Prudent Expert Rule for 401(k)s

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by Advice Chaser
by Advice Chaser
silhouette of man standing beside clear glass wall while using smartphone

Are You a Prudent Expert? Or Can You Hire One?

More and more businesses are choosing to provide a 401(k) for each employee as part of their benefits package. If you include a 401(k) for your employees, you may have found it’s made your company an appealing job prospect and increased employee satisfaction. But it’s important not to ignore the responsibilities you’ve taken on by this decision.

As the person managing your employees’ investments, you are the fiduciary of those policies. Anyone who controls assets for a plan or uses their own discretion to manage those assets is a fiduciary, and is therefore liable for the decisions they make. However, if you appoint or hire someone else to manage the plan, they become the fiduciary–with one caveat: your decision of whom to appoint is itself a fiduciary decision. You are liable for your selection. It’s your responsibility, as the person entrusted with your employees’ investments, to choose someone competent and ethical.

Your responsibilities are outlined in the Employee Retirement Income Security Act of 1974 (ERISA). An update to this rule in 2014 clarified that a fiduciary must act, not only as a prudent person, but as a prudent expert would.

Fiduciary Duties

According to ERISA, a fiduciary must:

  • Carry out their duties with the care, skill, and diligence of a prudent expert
  • Defray reasonable plan expenses
  • Act in accordance with the plan documents

A fiduciary must not:

  • Engage in transactions that involve a conflict of interest
  • Use plan assets for their own interest
  • Act for a party whose interests are adverse to the plan participants
  • Receive compensation from a party dealing with the plan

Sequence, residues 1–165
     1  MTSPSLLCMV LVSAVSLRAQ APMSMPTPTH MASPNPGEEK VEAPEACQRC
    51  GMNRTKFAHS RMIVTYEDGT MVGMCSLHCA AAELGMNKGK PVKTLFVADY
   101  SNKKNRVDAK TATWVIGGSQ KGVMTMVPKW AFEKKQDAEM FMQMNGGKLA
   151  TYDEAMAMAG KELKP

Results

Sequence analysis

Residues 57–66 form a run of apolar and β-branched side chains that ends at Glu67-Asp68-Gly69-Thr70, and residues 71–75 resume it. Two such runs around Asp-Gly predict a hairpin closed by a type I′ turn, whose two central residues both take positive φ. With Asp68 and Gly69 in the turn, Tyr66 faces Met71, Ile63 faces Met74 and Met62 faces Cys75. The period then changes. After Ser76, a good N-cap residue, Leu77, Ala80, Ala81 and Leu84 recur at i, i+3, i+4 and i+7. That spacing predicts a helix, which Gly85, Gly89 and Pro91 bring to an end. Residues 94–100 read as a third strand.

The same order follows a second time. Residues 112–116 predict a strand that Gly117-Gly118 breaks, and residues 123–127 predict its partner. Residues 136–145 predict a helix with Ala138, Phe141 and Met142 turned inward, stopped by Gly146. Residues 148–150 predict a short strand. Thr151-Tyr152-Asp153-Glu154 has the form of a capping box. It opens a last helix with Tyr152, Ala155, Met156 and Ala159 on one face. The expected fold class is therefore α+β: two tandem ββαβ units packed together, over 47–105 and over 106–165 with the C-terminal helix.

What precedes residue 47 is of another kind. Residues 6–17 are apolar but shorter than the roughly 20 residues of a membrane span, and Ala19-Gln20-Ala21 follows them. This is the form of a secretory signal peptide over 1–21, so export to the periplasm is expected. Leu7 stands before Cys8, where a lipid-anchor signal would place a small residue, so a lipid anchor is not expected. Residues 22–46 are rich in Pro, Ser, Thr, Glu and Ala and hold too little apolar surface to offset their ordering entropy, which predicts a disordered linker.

As mentioned above, it isn’t enough to attempt to manage your employees’ investments properly. You have to act as a prudent expert would, which means making wise decisions with the investments you manage. That includes diversifying the investments and doing your best to limit unnecessary losses. You will also need to monitor investments frequently for changes and make sure your employees aren’t paying excessive fees.

Your Liability

What happens if you fail in your fiduciary duties? You can be financially liable to make up any losses your employees experience–but only if you failed to act as a prudent expert would. You aren’t liable for the vagaries of the market.

Again, if you hire or appoint someone else to manage your employees’ investments, you are liable for that decision.

ERISA lawsuits are common and the payouts can be enormous. If an employee loses money on your plan, and it’s because you failed to manage it properly, you can be sued–and lose, even if you meant well.

Getting Expert Help

Most small business owners aren’t investment experts. With all these complex requirements, and the legal demand to act as a prudent expert would, it’s no wonder so many business owners turn to a professional to manage their employees’ retirement accounts.

However, it’s not enough to hire someone–it has to be someone competent to handle the requirements. Why waste your money on an investment manager if they don’t do any better than you can? Simply outsourcing the work to your insurance broker or a large mutual fund company might not be enough.

There are two kinds of experts you can hire to be your plan’s fiduciary for you. A 3(21) fiduciary is a person who advises you in your responsibility as primary fiduciary. They can make recommendations, but legally, you are still the main fiduciary. In contrast, a 3(38) fiduciary is an actual investment manager. They become the main fiduciary, reducing your liability.

If your business takes up most of your time and energy, so that you don’t want to take on the additional work of managing your employees’ investments, a 3(38) fiduciary is a wise investment. Your liability becomes reduced only to the decision of hiring that person. Advice Chaser partners with 3(38) advisors who can take on this responsibility for your company. If you don’t have an advisor for your fiduciary responsibilities, or you don’t know what kind of advisor you have, give us a call. We can  connect you with an expert who can help you decide what kind of help you need.

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